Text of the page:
““When you can’t afford all the other costs of petrol, housing and utilities then food becomes the one expendable thing; the thing you can economise on but at the peril of your own health.”

    ” Later, in a rare moment of cynicism, and with assurances of gratitude for donations, she’ll admit to being frustrated that voluntary organisations have been left to do the heavy lifting in the fight against hunger.

    The government’s emergency funding for community food providers during the pandemic has gone, yet Crown agencies continue to refer customers to foodbanks having to scratch for grants and donations.

    she says the problem is simple – poverty – but the solution is relatively simple too: low wage work, inaccessible social services and insufficient benefits and housing must be addressed.

    “It’s ironic that Aotearoa is such a big food provider exporting so much of our kai but so many people here go hungry because they don’t have the money.

  3. “The reason of course as to why so many couriers are Indian is because they are the ones most exploitable by NZ free market capitalism.
    This isn’t a race issue, it’s a class issue!”
    And after their families have sacrificed savings, mortgaged land, begged, borrowed and stolen in order to get their kids what they’ve been told is a ‘good education’ at some shitty PTE.

    What amuses me most, is that we then go begging for a “free” trade agreement. I’d have thought by now all those policy boffins at MFAT, MBIE and elsewhere would have realised Indians (in India) really don’t like seeing their fellow countrymen and women treated like shit – even though some of them in NZ are prepared to pull up the ladder Paula Bennett style.

    And not just NZ Post, ANZ Bank, UBER and elsewhere in the gig economy.
    It’s taken a bloody long time of MBIE/The Labour Expectorant to start taking exploitation seriously, and even as they do, they’ve been in large part responsible through idiotic, facile policy advice to Munsters (often based on copying it from elsewhere in the Empire).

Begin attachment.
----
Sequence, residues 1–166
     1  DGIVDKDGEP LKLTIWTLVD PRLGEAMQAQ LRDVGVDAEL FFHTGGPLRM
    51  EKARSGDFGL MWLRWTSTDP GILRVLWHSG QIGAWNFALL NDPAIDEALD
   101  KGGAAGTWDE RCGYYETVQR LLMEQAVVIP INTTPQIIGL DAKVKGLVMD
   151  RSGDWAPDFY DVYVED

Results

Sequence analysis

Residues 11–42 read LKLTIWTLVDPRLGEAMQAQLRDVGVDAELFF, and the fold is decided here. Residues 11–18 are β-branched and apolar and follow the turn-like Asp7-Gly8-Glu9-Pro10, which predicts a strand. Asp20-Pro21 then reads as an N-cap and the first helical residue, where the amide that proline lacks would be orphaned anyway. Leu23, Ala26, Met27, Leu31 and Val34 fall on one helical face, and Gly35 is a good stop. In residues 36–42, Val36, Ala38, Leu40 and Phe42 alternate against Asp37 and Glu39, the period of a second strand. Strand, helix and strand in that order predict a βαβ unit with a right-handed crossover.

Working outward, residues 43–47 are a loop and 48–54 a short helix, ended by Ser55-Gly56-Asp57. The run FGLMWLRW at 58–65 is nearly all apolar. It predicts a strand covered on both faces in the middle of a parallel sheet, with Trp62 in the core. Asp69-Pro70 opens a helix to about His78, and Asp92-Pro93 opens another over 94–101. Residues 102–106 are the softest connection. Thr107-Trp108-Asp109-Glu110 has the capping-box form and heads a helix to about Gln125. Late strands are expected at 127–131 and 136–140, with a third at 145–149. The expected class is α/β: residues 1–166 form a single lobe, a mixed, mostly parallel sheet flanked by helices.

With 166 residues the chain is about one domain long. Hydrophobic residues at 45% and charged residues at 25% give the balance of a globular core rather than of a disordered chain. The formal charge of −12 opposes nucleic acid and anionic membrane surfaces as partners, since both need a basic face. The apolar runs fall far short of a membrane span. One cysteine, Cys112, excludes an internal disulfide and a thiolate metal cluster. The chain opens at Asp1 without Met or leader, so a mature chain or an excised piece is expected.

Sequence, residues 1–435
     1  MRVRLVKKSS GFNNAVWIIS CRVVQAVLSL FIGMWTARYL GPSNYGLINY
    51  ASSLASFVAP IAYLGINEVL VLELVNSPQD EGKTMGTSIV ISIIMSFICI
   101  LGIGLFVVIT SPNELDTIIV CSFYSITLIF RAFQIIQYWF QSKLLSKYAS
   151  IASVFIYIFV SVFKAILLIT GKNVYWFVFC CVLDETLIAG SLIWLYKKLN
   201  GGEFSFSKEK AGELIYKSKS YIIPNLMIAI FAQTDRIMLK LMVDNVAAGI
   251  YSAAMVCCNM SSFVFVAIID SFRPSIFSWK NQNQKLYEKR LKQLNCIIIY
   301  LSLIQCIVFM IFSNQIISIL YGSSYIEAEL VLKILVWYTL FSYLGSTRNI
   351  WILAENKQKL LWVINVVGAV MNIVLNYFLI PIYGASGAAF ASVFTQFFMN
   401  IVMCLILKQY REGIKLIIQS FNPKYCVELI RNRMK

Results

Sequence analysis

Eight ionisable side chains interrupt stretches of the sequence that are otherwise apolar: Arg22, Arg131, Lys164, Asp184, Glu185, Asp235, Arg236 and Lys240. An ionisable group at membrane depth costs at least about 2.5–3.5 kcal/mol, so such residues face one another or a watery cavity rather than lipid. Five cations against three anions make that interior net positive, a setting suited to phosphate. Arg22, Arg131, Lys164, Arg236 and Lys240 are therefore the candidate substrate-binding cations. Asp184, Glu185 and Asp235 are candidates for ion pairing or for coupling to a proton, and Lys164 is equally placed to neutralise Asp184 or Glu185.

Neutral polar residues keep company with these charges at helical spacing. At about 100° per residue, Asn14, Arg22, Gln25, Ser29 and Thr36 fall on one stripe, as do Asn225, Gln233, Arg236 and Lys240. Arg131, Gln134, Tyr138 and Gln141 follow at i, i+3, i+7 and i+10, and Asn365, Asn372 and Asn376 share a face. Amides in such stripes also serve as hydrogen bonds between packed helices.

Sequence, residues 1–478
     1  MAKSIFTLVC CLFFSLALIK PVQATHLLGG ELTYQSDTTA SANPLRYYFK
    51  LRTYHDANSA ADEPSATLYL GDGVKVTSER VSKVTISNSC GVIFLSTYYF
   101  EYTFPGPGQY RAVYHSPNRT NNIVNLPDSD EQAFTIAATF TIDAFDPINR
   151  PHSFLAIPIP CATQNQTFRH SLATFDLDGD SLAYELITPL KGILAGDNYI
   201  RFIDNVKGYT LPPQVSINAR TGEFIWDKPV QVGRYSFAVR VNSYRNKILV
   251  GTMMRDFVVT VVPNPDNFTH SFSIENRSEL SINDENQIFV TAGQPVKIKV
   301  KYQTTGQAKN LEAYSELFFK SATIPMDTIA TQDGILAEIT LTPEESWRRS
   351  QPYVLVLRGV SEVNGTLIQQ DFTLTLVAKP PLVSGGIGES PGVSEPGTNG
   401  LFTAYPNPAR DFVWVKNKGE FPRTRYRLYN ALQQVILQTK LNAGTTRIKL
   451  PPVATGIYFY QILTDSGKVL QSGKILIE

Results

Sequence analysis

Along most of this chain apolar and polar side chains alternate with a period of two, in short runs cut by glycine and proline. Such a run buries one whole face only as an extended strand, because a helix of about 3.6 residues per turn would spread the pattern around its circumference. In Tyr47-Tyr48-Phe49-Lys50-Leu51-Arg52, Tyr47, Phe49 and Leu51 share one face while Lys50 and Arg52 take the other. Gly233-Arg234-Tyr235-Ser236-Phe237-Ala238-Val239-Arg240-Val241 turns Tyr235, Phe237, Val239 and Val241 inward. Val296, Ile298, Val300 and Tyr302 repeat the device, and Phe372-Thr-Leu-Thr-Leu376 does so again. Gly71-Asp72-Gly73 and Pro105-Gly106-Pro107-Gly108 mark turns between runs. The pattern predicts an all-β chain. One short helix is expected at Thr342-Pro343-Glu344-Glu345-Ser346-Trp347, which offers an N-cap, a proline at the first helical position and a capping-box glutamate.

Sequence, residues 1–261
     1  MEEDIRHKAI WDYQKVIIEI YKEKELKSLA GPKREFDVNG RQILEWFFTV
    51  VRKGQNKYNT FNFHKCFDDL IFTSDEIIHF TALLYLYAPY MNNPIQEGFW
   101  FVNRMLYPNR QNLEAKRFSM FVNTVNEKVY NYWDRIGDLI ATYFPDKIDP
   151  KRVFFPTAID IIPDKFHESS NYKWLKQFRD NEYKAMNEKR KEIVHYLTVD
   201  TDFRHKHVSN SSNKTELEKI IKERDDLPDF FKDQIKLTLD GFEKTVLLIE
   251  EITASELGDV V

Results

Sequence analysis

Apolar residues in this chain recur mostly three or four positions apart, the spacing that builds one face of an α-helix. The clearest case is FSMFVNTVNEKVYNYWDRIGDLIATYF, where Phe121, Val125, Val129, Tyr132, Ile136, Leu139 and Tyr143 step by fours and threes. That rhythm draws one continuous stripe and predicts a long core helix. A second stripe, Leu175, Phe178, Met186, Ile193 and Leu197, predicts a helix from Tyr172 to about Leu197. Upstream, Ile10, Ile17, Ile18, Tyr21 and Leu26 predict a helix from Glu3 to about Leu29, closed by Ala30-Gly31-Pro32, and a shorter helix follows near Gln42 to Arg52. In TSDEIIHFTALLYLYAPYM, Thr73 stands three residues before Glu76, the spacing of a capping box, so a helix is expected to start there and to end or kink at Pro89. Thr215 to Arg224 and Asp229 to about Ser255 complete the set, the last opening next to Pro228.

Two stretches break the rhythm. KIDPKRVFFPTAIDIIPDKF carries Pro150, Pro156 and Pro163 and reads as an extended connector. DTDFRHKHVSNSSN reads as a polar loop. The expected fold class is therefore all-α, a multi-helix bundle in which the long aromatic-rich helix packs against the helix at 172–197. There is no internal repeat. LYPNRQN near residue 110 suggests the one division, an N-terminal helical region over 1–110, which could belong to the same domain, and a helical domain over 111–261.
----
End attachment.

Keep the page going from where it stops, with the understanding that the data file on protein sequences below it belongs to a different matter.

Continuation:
• You know Tim that the $2m tauiwi house flipp’n policy is pullah benefits. Shes the unofficial mouthpiece for the real estate industry who want to make a killing. But fortunately, it looks like its dead.

      • Ae! She’s one classy specimen eh? No more Ugg boots or Leopard skins for PB.
        Must be that media finishing school she’s been attending

  4. “so of course the solution of universal union membership will be ignored”

    Really? I reckon the solution is to agree that a population of 5 million is the max the environment can afford when primary production and tourism are almost the only source of overseas income.

    Then without the immigration companies would have to invest to increase profit through productivity, salaries will rise and the young will stay.

    Unions reps could stand at the airport and sign up arriving workers but they don’t. And if they did it would be in their interest for more immigration.

  5. For years I oversaw building projects. I LOVED walking on site and seeing lots of Indians, be they from India or Fijian Indians, they have a awesome work ethic. They got paid not a cent less than the NZers or Aussies, not a single cent, which is a bit shit really as their productivity far exceeded the NZers or Aussies.

    Last Friday I was talking to our main truck driver (big name company) and he earns above the median wage. He’s from northern India and a damn nice chap.

    Our Courier drive is Maori and also a damn nice chap. No idea what he earns but he’s hinted it’s pretty good, mind you he does big hours so it would want to be.

    • Immigration is a great short-term fill gap, but we seems to be relying on migrants for cleaning, working in subways, uber driving, farm help, petrol stations, hotel porters etc..most of this is low skill jobs. Why are our low skill labour not taking on these jobs?

      • “Why are our low skill labour not taking on these jobs?”

        That’s a good question Benny. I can’t throw any light upon it other than some wild guesses.
        – drives down labour costs
        – a back door to PR. After all, given birth rates are decreasing for those in the European/Caucasian category, who in the future are going to be the taxpayers who facilitate the standard of living we now all aspire to – not to mention funding NZ Super and the social support net?
        – not enough capacity. We have been far too good at tertiary education and more and more people are now ‘qualified’ and don’t see ‘unskilled labor’ as a career choice – but take note of the long tail of underachievement
        – not enough capacity (for another reason): just can’t keep up with the increasing demands of our service-orientated society and/or construction needs
        – a lot of unskilled Kiwis are rather lazy, for lack of a better word (but a bit more complex perhaps)
        – migrant workers are exploitable, in a number of ways, eg, they put up with stuff Kiwis won’t
        -many migrant workers are simply an asset, eg, RSE workers work so damm hard and are good at it, others have attention to detail not apparent with home grown unskilled, some are indeed skilled (and educated) in their own countries but end up down-skilling in NZ, eg bus drivers

        Add your own.

      • “……………but we seems to be relying on migrants for cleaning, working in subways, uber driving, farm help, petrol stations, hotel porters etc..most of this is low skill jobs….”
        It’s working as designed.